During the period 160-170, Rome was embroiled in border wars against troublesome neighbours. This included invasions from the Parthians in the east and Gaulic tribes invading northern Italy. Marcus and the Roman army were able to hold off the invaders, but the campaigns were costly, and the Roman people became aware that the once might Roman Empire was becoming more stretched financially and not quite the omnipotent power of former years. Marcus devalued the percentage of silver in Roman coins to try and keep up with rising costs. Returning Roman troops also brought back a deadly plague which spread throughout Rome and surrounding city for several years. The plague contributed to a sense of loss of invincibility – morale amongst both the people and the army fell. Marcus Aurelius strove to strengthen the Roman Empire during these troublesome times.
In 169, his co-emperor Lucius Versus died, leaving Marcus Aurelius as sole emperor. Marcus continued his border wars – eventually subduing the northern tribes.
Wife and children
His wife Faustina gave birth to 13 children, though several died at an early age. He was survived by one son and four daughters. He nominated his son Commodus to be the next emperor when he was 16. Commodus ruled from 161–192 however, his reign marked a decline in Roman fortunes as he rejected his father’s policies and philosophy, and became increasingly dictatorial and brutal.
Throughout his lifetime, Marcus wrote philosophic ideas – which were collected into a book called Meditations. These meditations have been widely read and have cemented his reputation as a philosopher-king. In many ways, Aurelius was influenced by the Stoic philosophers, and so his Meditations give a good understanding of existing Stoic philosophy. He also took inspiration from Plato, Democritus, Euripides, Heraclitus and Plato. Though many of his ideas were not unique, it would be unfair to see The Meditations as only a regurgitation of other philosophers. They also reveal an insight into his personality and outlook on life. They illustrate his attempt to seek perspective on the fluctuations of earthly life and maintain an inner calm amidst the turmoil and fleeting nature of life.
“Remember that man lives only in the present, in this fleeting instant; all the rest of his life is either past and gone, or not yet revealed. Short, therefore, is man’s life, and narrow is the corner of the earth wherein he dwells.” – Meditations, III, 10
The Meditations give an insight into the religious beliefs of Marcus; it suggests a Deist like belief in a universal energy and harmony.
“Constantly regard the universe as one living being, having one substance and one soul; and observe how all things have reference to one perception, the perception of this one living being; and how all things act with one movement; and how all things are the cooperating causes of all things which exist; observe too the continuous spinning of the thread and the contexture of the web.” IV, 40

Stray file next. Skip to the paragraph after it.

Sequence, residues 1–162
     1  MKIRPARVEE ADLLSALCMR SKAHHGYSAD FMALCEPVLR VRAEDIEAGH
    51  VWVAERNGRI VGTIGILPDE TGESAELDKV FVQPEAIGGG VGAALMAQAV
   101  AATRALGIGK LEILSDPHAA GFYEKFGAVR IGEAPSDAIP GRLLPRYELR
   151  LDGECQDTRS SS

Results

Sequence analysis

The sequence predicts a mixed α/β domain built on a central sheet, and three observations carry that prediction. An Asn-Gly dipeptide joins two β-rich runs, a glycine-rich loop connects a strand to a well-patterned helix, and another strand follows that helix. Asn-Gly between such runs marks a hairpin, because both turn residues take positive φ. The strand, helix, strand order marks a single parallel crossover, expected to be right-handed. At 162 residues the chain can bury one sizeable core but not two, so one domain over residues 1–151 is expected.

He also believed in fate and a law of predestination – though he still believed individuals should strive to live with nobility and strength of character.
“Whatever may happen to thee, it was prepared for thee from all eternity; and the implication of causes was from eternity spinning the thread of thy being, and of that which is incident to it.” X, 5
Marcus suggests the role of philosophy is to gain independence over your own emotions and passions.
“The mind is the ruler of the soul. It should remain unstirred by agitations of the flesh–gentle and violent ones alike. Not mingling with them, but fencing itself off and keeping those feelings in their place. When they make their way into our thoughts, through the sympathetic link between mind and body, don’t try to resist the sensation. The sensation is natural. But don’t let the mind start in with judgments, calling it ‘good’ or ‘bad.'”
Marcus died at the age of 58 on 17 March 180 in Vindobona (modern Vienna). The reason given for his death was natural causes. He was deified, and his ashes returned to Rome. A column celebrating his military successe in Europe was built in Rome. He was already regarded as a philosopher-king, and his reputation was helped by later Christians who viewed his rule favourably compared to other rulers. His Meditations survived – especially in the Eastern church and went on to become one of the most famous and influential writings in philosophy. Unlike other philosophers, Marcus had the advantage of writing with simplicity and directly – appealing to a wider audience.
It was the historian Edward Gibbon who described the five Good Emperors. The other emperors were Nerva, Trajan, Hadrian, Antonius Pius and Marcus Aurelius. Although they had absolute power, they ruled under the guidance of wisdom and moral virtue.
Citation: Pettinger, Tejvan. “Biography of Marcus Aurelius”, Oxford, UK www.biographyonline.net, Published: 26 Jan. 2011. Last updated 2 August 2019.
Marcus Aurelius Meditations
Marcus Aurelius Meditations – at Amazon
The Daily Stoic
The Daily Stoic – at Amazon
Quotes from Meditations
“When you wake up in the morning, tell yourself: The people I deal with today will be meddling, ungrateful, arrogant, dishonest, jealous, and surly. They are like this because they can’t tell good from evil.”
“Never let the future disturb you. You will meet it, if you have to, with the same weapons of reason which today arm you against the present.” – VII, 8
“All things are implicated with one another, and the bond is holy; and there is hardly anything unconnected with any other things. For things have been co-ordinated, and they combine to make up the same universe. For there is one universe made up of all things, and one god who pervades all things, and one substance, and one law, and one reason?
– VII, 9
“Waste no more time arguing what a good man should be. Be one.” – X, 16
“Know the joy of life by piling good deed on good deed until no rift or cranny appears between them.” – XII, 29